Several soundstages in Budapest allowed producers to stretch a budget that demanded detailed and elaborate production and costume designs. “It was a collaboration between [production designers] Shona Heath and James Price,” said Guiney. “We’ve worked with James before. Shona comes from the world of commercials, so it’s actually the first film she’s ever done. We had a long concepting period where they were exploring how to approach the look of the film; they both come with very particular aesthetics. But in some ways, James was big picture and Shona was detail.”

The filmmakers operated in a fantasy realm parallel to the real-world aesthetics of a 19th-century Victorian continental tour. Lanthimos gave McNamara the references of Federico Fellini’s 1983 “The Ship Sails On,” Luis Buñuel’s 1967 “Belle de Jour,” and Mel Brooks’ 1974 “Young Frankenstein.”

“Yorgos’ films all existed in slightly adjacent worlds,” said Guiney. “This world is a version of the grand tour. It grew and evolved. And it’s partly inspired by Alasdair Gray’s art. It’s iconically recognizable as Paris or Lisbon, or indeed the ship to Alexandria. But it’s not like any Paris or Lisbon or ship to Alexandria that exists in the real world or ever did.”

“Poor Things”
“Poor Things”

Lanthimos chooses his collaborators and then trusts them to realize his ideas. “You allow those people to mine their own imaginations, with his input,” said Guiney. “But there’s a lot of creativity allowed for the heads of department on a Yorgos movie.”

The London home of the Baxters, for example, was a two-story house with rooms that led into other rooms. “Baxter had designed a world that was safe for Bella to grow up in,” said Lowe. “And so all the soft furnishings were everywhere: the detail in the ceiling, on the walls, the padded carpet. And Yorgos had planned to shoot most of it in black and white.”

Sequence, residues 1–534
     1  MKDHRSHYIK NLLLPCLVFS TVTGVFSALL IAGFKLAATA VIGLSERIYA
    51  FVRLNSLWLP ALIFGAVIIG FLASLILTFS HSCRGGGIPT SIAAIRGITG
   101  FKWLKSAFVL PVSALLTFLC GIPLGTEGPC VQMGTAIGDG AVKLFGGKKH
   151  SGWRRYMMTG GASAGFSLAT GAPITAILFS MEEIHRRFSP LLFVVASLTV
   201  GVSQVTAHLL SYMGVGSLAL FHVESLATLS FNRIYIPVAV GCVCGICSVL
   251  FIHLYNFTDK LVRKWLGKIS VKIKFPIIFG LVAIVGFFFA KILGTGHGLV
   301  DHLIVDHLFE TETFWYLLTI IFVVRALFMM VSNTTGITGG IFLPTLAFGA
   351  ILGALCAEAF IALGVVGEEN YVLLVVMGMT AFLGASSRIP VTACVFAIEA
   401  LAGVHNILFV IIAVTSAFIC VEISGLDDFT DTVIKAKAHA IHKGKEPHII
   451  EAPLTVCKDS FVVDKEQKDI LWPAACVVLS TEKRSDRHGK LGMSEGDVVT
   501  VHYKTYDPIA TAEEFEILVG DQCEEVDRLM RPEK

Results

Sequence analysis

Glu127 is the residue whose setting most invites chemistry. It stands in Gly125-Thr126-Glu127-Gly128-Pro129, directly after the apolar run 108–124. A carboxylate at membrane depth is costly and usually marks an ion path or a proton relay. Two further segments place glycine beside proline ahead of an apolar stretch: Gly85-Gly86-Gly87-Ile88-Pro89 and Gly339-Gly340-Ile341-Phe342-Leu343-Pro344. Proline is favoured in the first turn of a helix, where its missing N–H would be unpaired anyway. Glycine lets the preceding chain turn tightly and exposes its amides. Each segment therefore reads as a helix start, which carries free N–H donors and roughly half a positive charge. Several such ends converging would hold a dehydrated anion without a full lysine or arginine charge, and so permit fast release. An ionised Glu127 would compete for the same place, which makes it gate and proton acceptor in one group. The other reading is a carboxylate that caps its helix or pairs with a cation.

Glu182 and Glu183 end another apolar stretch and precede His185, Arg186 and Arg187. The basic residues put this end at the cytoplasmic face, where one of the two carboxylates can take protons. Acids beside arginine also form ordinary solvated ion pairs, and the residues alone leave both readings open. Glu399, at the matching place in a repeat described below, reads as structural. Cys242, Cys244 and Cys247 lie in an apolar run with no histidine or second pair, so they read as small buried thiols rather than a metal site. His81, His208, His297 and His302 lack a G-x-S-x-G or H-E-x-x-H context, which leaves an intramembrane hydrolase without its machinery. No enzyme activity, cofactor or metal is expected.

Surrounding the steamship were huge wraparound LED screens that featured projections of the sea. “You can have the illusion, when you’re on the ship looking out the windows, that the sea is there,” said Guiney. “There is some CGI work done on it, but mainly it’s a set.”

Lanthimos tries to shoot in camera — not everything, “but as much as possible,” said Guiney. “It’s built, it’s present. In that sense, it’s quite old-school filmmaking. It’s shot on film. There is some enhancement, but in a lovely way it’s quite handmade.”

The film has been finished for a while. “The first cut we saw was glorious and breathtaking,” said Guiney. “We saw it before last season’s movies came out and, ‘God, what will people make of this?'”

Due to the strikes, Searchlight’s decision to move the release date from post-fall-festival September to December 8 was fraught at the time, but for Guiney, “it was great to allow the heads of departments to shine. It’s given them a space that they may not have had otherwise.”

Next up: Lanthimos’ next film “Kinds of Kindness” (once called “And”) is in post, which was shot in New Orleans last autumn with Stone, Dafoe, Hunter Schafer, Joe Alwyn, Margaret Qualley, Jesse Plemons, and Hong Chau.